Mega backdoor Roth: This takes it to the next level, as we describe below. It’s for people who have a 401(k) plan at work; they can put up to $43,500 of post-tax dollars in 2023 into their 401(k) plan and then roll it into a mega backdoor Roth, which is either a Roth IRA or Roth 401(k). The caveat: Creating a mega backdoor Roth is complicated, with many moving parts and the potential to get hit with unexpected tax bills, so consult with a financial planner or tax pro before trying this at home.
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How a mega backdoor Roth works
The mega backdoor Roth allows you to save a maximum of $66,000 in your 401(k) in 2023. How does this add up? The regular 401(k) contribution for 2023 is $22,500 ($30,000 for those 50 and older). You can put an additional $43,500 of after-tax dollars into your 401(k) account, assuming you don't get an employer match.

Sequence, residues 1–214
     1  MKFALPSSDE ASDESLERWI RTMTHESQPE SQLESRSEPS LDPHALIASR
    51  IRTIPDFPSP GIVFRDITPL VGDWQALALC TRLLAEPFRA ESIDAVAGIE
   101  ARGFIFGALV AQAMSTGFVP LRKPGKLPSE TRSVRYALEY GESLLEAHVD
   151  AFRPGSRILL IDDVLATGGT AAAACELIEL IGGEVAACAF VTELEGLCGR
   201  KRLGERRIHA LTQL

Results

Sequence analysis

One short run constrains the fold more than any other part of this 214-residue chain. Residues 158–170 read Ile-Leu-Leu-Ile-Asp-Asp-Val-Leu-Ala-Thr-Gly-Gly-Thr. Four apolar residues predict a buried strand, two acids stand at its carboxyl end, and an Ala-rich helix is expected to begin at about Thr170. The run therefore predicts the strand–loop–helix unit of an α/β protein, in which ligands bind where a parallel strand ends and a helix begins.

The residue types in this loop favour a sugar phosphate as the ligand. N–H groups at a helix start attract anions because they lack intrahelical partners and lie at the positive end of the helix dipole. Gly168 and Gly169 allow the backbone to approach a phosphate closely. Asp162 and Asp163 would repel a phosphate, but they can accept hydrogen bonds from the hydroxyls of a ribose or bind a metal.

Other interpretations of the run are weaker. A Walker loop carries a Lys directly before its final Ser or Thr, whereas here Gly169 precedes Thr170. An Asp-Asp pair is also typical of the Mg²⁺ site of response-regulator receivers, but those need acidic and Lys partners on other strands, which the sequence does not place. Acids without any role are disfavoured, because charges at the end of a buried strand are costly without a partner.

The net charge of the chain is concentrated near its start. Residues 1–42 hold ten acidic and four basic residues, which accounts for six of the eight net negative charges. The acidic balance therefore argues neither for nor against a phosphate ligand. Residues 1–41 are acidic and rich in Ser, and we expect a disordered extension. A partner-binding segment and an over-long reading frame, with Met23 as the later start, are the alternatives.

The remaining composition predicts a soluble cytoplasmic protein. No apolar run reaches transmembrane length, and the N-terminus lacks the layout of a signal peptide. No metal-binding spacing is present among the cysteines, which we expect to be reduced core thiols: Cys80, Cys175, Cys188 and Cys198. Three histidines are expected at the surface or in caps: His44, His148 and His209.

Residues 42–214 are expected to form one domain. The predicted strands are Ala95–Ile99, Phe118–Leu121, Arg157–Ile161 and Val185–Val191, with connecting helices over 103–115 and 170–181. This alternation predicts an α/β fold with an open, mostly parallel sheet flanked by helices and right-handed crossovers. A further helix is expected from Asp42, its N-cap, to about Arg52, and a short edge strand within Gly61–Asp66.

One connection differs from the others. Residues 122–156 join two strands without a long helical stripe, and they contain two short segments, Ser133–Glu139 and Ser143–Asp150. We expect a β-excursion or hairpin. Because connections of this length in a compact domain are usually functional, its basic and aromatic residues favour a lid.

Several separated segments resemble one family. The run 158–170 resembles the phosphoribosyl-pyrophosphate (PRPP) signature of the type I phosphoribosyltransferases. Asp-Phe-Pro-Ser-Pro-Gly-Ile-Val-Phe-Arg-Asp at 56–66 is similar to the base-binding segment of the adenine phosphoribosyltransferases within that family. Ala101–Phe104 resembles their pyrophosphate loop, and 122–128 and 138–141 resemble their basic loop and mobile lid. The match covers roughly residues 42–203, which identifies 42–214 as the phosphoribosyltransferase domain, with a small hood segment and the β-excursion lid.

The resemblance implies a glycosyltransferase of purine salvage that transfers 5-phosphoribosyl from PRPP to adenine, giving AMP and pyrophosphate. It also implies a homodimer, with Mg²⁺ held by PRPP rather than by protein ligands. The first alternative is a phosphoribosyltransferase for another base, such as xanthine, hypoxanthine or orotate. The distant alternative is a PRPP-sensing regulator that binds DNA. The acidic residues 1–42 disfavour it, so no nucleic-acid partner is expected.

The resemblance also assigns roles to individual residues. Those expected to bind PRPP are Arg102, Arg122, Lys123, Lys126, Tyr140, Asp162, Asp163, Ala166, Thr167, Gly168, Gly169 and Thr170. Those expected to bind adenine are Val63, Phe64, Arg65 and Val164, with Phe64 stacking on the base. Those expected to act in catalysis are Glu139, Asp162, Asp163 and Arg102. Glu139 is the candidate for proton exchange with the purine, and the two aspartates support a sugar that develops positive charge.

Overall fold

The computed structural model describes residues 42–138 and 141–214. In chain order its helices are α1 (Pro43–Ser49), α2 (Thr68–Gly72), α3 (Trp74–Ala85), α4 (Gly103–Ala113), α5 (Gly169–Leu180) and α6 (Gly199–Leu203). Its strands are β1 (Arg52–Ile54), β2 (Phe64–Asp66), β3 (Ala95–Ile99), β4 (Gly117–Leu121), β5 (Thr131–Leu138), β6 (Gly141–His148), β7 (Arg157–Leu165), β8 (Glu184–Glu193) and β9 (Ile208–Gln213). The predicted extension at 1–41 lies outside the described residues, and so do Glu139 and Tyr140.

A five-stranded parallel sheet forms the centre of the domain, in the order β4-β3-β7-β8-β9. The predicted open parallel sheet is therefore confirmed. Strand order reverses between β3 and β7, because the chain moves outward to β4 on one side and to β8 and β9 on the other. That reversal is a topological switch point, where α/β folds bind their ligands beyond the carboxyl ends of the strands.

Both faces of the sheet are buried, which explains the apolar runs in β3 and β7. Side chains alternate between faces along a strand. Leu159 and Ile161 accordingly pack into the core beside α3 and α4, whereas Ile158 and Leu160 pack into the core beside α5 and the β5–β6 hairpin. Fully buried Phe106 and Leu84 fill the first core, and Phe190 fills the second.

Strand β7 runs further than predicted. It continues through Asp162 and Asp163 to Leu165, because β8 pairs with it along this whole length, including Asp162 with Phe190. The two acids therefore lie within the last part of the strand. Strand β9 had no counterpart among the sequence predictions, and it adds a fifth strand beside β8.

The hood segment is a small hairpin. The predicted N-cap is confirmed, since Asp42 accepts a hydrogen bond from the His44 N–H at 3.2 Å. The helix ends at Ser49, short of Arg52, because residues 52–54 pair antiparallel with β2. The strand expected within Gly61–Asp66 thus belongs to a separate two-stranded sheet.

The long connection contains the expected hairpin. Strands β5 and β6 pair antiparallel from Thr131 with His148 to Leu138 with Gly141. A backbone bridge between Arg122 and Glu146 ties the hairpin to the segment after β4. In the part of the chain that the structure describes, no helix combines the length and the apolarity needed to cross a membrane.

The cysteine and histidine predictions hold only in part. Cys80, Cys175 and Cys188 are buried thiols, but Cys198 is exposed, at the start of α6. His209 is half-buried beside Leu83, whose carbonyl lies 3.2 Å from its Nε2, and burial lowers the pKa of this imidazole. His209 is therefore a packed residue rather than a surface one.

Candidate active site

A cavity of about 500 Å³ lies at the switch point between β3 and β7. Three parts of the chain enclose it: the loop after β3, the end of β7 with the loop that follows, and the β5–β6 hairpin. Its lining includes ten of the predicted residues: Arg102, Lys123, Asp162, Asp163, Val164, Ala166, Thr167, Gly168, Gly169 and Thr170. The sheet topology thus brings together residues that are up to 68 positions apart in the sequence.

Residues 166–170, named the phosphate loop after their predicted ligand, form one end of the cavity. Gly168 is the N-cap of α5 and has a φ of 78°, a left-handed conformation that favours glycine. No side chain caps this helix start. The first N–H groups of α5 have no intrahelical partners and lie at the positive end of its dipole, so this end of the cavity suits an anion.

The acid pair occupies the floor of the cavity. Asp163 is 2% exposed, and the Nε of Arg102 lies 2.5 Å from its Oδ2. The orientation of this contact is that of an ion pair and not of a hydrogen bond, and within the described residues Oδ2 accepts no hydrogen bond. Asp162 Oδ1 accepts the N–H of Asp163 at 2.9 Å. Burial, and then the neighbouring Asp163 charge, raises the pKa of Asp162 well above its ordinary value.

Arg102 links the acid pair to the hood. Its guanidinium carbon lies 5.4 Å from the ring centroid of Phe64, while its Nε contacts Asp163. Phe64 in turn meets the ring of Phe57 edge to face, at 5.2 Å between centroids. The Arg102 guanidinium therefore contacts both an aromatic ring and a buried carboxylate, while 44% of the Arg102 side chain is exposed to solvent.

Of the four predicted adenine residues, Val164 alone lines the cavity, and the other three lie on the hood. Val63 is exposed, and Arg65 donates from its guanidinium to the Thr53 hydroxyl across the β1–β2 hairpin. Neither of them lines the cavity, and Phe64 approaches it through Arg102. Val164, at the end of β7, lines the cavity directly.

If you do get an employer match, you'll need to deduct your employer contributions from the $43,500. Here's is where it gets good – the mega backdoor Roth enables you to take the after-tax dollars you contribute and roll them into a Roth IRA. If you have a Roth 401(k) at work (and the plan allows for the mega option as described below), generally you can choose whether the final destination of your mega contributions is the Roth 401(k) or a Roth IRA. If your employer offers only a traditional 401(k), then your mega contributions would end up in a Roth IRA.
Here’s a quick summary of what you need to have in place for the ideal mega backdoor Roth strategy:
A 401(k) plan that allows “after-tax contributions." After-tax contributions are a separate bucket of money from your traditional 401(k) and Roth 401(k) contributions. The dollars you put into an after-tax bucket are post-tax, so you've already paid taxes on them.